Thursday, December 26, 2019

Holidaze: Merry Turtlemas, Kentucky

Mitch McConnell's approval rating here in Kentucky is still somewhere around "lukewarm bacon grease and licorice sandwich" but he figures he can buy another term with a half-billion in spending and another half-billion in corporate tax cuts for the Bluegrass State.

Senate Majority Leader Mitch McConnell (R-Ky.) is delivering more than $1 billion worth of federal spending and tax breaks to his Kentucky constituents, just in time for Christmas and ahead of a potentially tough reelection campaign.

McConnell’s biggest obstacle to getting the deal done was not Speaker Nancy Pelosi (D-Calif.) or Senate Minority Leader Charles Schumer (D-N.Y.), but President Trump, who proclaimed last year that he was not going to sign another omnibus spending bill and whose White House made rumblings about backing a year-end spending freeze instead.

But McConnell, who is running for his seventh Senate term next year, flexed his political muscle to secure $914.2 million in direct spending for Kentucky in the two year-end omnibus spending bills. The windfall will likely boost his political standing at home in the face of a well-financed Democratic opponent and his perennially low approval ratings.
McConnell touted his spending and tax-relief accomplishments at a press conference in Louisville, and drew a sharp contrast with his Democratic opponent, Amy McGrath, a retired Marine Corps fighter pilot who raised nearly $11 million in the third quarter this year for the 2020 race.

Noting that he’s the only top congressional leader who isn’t from California or New York, McConnell emphasized he was one of four people in the room making final decisions about specifics on the year-end spending and tax deals.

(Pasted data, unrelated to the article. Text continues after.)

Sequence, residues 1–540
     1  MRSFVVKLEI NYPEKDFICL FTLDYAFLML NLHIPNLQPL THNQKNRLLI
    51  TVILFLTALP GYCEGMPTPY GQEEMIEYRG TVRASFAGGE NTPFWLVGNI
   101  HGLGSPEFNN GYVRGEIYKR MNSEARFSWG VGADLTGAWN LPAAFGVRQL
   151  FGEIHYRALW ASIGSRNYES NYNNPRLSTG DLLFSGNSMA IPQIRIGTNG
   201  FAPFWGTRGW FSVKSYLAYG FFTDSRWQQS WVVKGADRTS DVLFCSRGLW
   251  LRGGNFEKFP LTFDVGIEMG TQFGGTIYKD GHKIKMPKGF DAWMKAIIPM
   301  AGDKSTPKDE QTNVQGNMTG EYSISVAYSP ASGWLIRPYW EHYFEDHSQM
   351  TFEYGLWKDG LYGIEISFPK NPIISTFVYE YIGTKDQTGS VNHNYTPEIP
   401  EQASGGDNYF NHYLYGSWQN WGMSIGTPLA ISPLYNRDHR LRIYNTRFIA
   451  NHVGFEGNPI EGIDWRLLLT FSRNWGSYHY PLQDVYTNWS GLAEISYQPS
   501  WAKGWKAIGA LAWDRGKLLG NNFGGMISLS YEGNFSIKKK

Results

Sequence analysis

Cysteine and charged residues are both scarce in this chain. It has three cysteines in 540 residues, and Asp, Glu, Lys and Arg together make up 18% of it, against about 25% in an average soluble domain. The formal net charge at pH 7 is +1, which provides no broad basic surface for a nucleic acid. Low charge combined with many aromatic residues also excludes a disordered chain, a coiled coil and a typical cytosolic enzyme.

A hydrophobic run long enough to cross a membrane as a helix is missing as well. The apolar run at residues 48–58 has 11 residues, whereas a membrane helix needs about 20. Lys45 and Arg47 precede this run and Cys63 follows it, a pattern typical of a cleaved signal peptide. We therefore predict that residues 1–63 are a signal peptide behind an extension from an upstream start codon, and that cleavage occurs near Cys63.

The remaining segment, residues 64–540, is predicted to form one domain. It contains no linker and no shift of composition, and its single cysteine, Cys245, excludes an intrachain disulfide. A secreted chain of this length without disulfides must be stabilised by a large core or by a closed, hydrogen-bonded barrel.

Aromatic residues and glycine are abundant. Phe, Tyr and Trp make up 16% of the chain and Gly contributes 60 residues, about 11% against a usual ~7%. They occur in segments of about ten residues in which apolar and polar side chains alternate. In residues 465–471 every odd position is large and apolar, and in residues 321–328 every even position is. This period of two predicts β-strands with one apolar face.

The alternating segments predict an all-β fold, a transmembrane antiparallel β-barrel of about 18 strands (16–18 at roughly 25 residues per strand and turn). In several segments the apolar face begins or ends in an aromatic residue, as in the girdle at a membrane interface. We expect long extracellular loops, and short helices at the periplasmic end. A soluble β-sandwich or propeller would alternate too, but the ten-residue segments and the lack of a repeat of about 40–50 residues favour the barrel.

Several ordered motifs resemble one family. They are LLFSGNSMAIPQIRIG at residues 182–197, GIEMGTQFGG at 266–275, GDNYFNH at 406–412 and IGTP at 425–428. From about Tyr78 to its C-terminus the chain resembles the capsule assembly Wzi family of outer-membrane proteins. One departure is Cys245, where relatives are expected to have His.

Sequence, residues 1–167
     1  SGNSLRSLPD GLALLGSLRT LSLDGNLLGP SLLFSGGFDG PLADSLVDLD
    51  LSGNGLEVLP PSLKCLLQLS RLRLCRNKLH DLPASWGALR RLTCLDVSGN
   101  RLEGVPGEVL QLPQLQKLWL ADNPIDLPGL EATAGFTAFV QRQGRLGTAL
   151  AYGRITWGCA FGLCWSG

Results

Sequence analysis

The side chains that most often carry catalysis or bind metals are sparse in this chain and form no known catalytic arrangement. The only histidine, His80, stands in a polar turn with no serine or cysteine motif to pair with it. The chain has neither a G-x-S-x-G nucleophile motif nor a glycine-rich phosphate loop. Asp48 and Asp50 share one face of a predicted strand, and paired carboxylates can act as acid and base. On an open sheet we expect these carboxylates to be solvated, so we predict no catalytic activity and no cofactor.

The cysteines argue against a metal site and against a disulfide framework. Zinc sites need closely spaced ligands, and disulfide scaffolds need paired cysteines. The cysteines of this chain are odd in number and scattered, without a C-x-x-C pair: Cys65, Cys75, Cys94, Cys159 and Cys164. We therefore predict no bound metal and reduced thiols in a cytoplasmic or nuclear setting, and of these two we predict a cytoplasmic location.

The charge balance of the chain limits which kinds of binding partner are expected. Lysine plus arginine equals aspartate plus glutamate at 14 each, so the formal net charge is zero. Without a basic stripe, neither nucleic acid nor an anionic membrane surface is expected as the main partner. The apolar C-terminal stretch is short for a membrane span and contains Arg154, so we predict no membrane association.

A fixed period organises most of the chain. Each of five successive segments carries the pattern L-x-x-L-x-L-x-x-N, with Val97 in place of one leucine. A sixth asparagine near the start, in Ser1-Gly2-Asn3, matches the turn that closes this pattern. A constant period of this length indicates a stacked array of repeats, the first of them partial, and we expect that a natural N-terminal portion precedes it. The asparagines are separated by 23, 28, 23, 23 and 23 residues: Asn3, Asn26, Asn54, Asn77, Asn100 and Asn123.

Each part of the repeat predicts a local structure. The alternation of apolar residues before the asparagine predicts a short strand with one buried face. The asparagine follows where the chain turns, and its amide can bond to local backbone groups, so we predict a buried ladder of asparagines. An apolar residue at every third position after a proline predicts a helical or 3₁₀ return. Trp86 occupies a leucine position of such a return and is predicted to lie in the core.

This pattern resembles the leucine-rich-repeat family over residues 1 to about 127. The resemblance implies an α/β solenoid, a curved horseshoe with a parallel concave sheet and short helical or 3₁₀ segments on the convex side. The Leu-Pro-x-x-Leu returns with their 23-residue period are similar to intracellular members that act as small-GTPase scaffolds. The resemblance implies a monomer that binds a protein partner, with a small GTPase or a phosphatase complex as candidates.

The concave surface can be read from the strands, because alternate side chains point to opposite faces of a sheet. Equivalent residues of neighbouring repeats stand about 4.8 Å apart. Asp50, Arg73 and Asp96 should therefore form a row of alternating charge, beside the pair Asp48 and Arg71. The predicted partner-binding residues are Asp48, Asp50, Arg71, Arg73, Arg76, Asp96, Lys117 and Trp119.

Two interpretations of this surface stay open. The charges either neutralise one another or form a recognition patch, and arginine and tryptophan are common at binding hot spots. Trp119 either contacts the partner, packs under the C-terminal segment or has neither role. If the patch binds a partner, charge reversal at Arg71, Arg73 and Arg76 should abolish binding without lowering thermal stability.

The GOP leader argued that his presence at the high-level talks gave Kentucky “an advantage to punch above its weight.”

“I saw a commercial from my likely opponent indicating that I was all that was wrong with Washington. So I have a question for her here as we go into the new year: In what way would Kentucky have been better off without any of these items that I put in the year-end spending bill?” McConnell said.

It's a powerful argument from a politician who registers a 37 percent approval rating at home, according to a Morning Consult poll from the third quarter.

"He's never had a great level of personal popularity so it's been important for him to deliver for the state, and he does a good job of doing that," said Al Cross, a journalism professor at the University of Kentucky and a longtime commentator on state politics.

Cross said McGrath has enough fundraising prowess to match McConnell on the airwaves next year and noted the GOP leader "never takes anything for granted."

McConnell's wins in the spending legislation included coal miners’ pension benefits; $410 million for the construction of the new Robley Rex Veterans Affairs Medical Center in Louisville; $314 million for cleanup of Paducah Gaseous Diffusion Plant, a $40 million increase over last year’s funding level; a tax break for spirits distillers worth an estimated $426 million in 2020 alone; and $65 million for the construction of the Forage Animal Production Lab at the University of Kentucky.

“I was directly responsible — directly responsible — for these items,” McConnell declared at the press conference

I'm old enough to remember when pork barrel earmarks were a bad thing all throughout the Bush and Obama presidencies, right up until Trump got in the door.  Now it's "You should vote for me because I'm personally responsible for a billion in spending."

And suddenly, "Obama's profligate wasteful spending" no longer matters while Trump is running up trillion-dollar annual deficits with no relief in sight.

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